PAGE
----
IT was nearly two hours after the final whistle before Jonathan Sexton emerged from the Leinster dressing-room one last time and into an impatient mixed zone desperate for the lowdown from the man of the hour.
As he spoke, few reporters deigned to glance sideways at the bald Kiwi with a goatee whose input at half-time was, in practical terms, far more critical to the reversal in Leinster’s fortunes.
For 40 minutes, Greg Feek had looked on horrified as the scrum he had done so much to improve this season cracked as it had in last year’s semi-final at Toulouse.
This wasn’t meant to happen.
Joe Schmidt had recruited Feek as a specialist scrum consultant to ensure days like that were a thing of the past and yet, here they were again, face to face with their biggest nightmare.
“I was on suicide watch at half-time but after having a look at it I realised ‘hang on, we are actually causing problem ourselves’,” said Feek.
“We just had to say to the boys, ‘look let’s just get our s**t right and try not to do too much’. It was just a few technical things that I gave them to do but the technical stuff only works if you get the other stuff right too. These guys have got some massive heart as well. It was probably the biggest 10 minutes of my rugby career at half-time.
“Belief played a big part in it as well. We were all very down after that first 40 minutes.
“We backed ourselves and that has been the key with us and our systems all year. It was a matter of getting back to that. I actually think we were trying too much.”
Feek’s instructions were clear and simple, his methods equally so. There was no outpouring of emotion like Sexton’s, just a laptop with set-piece replays and a forensic deconstruction of what they were doing wrong.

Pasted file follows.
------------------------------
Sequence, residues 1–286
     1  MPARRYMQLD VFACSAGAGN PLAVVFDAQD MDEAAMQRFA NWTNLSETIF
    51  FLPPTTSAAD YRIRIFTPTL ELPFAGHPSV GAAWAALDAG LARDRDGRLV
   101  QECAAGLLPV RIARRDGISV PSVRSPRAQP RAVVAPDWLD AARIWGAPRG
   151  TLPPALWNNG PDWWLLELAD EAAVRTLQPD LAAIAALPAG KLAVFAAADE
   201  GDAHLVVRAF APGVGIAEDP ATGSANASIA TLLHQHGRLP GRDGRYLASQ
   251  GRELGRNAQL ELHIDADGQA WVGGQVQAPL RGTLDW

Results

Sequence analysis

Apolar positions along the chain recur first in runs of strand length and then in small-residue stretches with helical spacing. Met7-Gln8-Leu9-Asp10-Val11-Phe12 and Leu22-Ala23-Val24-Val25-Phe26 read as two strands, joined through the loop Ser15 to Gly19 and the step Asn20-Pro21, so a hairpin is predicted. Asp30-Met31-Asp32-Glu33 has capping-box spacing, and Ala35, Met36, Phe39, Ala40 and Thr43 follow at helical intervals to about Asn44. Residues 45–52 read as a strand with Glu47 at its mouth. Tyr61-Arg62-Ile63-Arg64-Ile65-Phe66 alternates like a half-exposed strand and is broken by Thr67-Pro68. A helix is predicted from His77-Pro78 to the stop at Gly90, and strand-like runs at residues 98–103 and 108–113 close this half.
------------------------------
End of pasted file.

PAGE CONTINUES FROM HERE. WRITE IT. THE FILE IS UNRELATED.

“What was happening was we were winning the hit and then easing off. Northampton were waiting and waiting and as soon as they sense a weakness they’ve very good timing,” said tight-head Mike Ross. “They drop it but come back. It can be incredibly difficult to deal with.
“In the second-half we just started doing to them what they were doing to us and it worked. It was just a little tweak. It wasn’t much. There’s obviously a difference between going forwards and going backwards and thankfully it turned around for us.”
Though they had been written off in most quarters last week, there had been a general consensus that Northampton’s scrum was their most potent weapon. But Saturday should not have been so traumatic for so long.
“We knew Northampton were a very strong outfit and, to be fair, looking back at it now we were guilty of maybe trying that little bit too hard,” said Leo Cullen. “We were kind of scrummaging a little bit on our own and doing our own thing.
“I had that feeling that their loose head starts to stand up and as we came forward they get a bit of a surge on. We were a bit guilty of going round on our loose head side and Mujati just stayed really tight on Hartley and they pincer round and come through the middle of us.”
The scrum’s importance isn’t limited to its practical applications. Nothing lifts a side and its supporters more than an opposing eight crumpling like cardboard.
When Leinster popped the Saints in that first scrum after the restart the concertina effect propelled them towards a second Heineken Cup title.
Northampton forwards coach Dorian West, a veteran of many a physical battle from playing with Leicester, conceded the importance of the setpiece swing.
“There was one scrum down in their 22 when I thought we could have been a bit more patient. We played away from that a bit quick and they got a bit of momentum from that and it changed the game.”
Well, that and Jonny Sexton.
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